There was a move to “divide” the proposal—vote on accepting California as the committee recommended and then evaluate the next half, which would fix Calif.’s votes according to the survey. Leaders of the pro-Boston faction would not accept that division, which cost us over an hour, after many hours of dealing with their push for delegates. Many delegates who supported the Boston Proposal believed that a local or state could mandate a vote but that the Congress itself surely should not. (What if our state legislators said that, on this crucial issue, senators from Missouri must…?) The undivided proposal lost and then there was a motion to adjourn. Those who wanted renegotiations fought adjournment because we would have left without forming a negotiating committee. Supporters of Boston were of two minds. Half felt that, once Boston failed, renegotiation was the second choice. The other half thought that a move to renegotiate would make the ASGP look bad if they didn’t take us up. Adjournment failed.

The next day proved that the first day did not have to be so bad. Once it was clear that the Boston Proposal could not carry a two–thirds vote, supporters of the BP held a caucus and most of them agreed to accept the recommendation of the majority decision of the credentials committee so that we could proceed. The second day should have been the first day. I am happy we did not adjourn because delegates got to know each other and see that both sides were seeking what they saw as best for the Green movement. We were able to form an Iraqi Green Action Network, to be headed by Windy Cooler. She got unanimous support after having expressed support for BP. We were working together.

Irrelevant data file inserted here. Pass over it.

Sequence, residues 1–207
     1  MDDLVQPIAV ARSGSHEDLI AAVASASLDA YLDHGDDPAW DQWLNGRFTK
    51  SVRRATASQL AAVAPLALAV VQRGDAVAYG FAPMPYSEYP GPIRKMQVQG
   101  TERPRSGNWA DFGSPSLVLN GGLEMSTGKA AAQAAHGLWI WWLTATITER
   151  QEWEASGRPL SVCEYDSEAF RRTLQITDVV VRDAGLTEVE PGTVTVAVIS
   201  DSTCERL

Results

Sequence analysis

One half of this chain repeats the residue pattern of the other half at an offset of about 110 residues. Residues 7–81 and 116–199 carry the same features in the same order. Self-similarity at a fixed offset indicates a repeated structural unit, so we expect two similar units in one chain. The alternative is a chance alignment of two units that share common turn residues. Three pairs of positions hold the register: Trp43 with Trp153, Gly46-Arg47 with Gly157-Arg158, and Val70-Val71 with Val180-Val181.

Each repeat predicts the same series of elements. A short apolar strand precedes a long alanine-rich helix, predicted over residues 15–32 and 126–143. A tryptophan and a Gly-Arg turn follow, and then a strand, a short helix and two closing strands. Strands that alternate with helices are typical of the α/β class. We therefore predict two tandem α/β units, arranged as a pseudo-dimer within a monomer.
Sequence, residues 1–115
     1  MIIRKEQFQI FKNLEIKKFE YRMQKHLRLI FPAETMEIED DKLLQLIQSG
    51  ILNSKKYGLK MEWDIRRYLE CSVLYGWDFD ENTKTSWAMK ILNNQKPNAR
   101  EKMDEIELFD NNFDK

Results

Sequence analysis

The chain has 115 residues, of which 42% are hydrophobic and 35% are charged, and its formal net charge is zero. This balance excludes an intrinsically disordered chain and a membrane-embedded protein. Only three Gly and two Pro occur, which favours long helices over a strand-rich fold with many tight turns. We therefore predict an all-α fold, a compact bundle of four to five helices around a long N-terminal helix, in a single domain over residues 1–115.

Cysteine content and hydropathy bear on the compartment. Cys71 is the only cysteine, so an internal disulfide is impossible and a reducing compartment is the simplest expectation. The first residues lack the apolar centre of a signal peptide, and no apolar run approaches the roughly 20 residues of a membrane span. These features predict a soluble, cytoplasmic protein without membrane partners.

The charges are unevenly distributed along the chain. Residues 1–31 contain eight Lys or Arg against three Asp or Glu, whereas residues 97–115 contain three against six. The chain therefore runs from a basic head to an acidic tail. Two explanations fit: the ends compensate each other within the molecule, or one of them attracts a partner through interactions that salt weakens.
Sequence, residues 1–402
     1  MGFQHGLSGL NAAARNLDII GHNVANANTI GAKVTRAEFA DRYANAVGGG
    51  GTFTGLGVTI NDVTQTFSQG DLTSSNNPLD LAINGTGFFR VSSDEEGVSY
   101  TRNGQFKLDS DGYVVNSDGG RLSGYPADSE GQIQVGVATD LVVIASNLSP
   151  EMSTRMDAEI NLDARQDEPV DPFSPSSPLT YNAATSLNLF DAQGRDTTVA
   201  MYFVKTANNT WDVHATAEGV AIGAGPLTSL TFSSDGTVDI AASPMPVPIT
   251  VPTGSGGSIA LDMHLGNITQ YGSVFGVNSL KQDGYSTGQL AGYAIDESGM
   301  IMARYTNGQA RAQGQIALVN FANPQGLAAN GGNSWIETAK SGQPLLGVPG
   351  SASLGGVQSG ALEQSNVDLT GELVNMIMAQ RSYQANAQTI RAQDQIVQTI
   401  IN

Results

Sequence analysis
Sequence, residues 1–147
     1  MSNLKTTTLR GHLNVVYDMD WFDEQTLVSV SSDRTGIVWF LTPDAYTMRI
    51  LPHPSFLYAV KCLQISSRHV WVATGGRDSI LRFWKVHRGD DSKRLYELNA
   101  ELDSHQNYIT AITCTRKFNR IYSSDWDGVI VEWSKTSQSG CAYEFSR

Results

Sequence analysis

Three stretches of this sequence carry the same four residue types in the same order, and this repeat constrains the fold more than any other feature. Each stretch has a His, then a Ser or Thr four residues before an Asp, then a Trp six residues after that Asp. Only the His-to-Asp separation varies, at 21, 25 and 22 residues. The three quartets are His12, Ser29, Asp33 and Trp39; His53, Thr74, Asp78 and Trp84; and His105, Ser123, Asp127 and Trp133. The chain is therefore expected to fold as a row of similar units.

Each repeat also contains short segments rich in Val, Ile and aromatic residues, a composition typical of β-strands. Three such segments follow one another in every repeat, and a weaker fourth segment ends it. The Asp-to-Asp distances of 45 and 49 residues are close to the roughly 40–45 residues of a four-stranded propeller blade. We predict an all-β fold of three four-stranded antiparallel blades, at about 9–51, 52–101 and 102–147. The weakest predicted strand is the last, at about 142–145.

The “Missouri Proposal” (we didn’t think to call it the “Missouri Compromise”) called for renegotiation and forming a committee. Discussed Monday morning, it won handily, with the support of those who had voted on both sides of BP. Well-known critics of BP were nominated by supporters of BP to be on this new negotiating committee. The idea here is that if this committee signs an agreement, it will surely get the backing of two–thirds or more of the GPUSA. There had been workshops on nuclear power, electoral action, architecture and city planning, as well as some time (next time there will be more) kibbitzing in order to see how we can help each other out. The literature table was the best I’ve ever seen. The contrast in spirit between the first and next two days was so great that I deeply wish that the Boston negotiations had been understood to be the first of more than one round. Now we can begin to co-operate and work together in a way that will ultimately lead to unity.

I urge anyone who has read this far to let their fellow Greens know that (a) the GPUSA means it when they say they want to negotiate (b) the unity ball is in the ASGP’s court and (c), in the words of Joseph Mosley (New Jersey delegate, ASGP diversity committee chair, and supporter of both BP and renegotiations) “I found out that Don Fitz doesn’t have horns on his head!”

Let me end by thanking the Gateway Green Alliance for electing me one of their delegates. The next Gathering will be even better (with more workshops and events for non-delegates, alternates, and delegates with alternates) and we should send more people. I count my time in Carbondale as one of the highest honors I’ve received.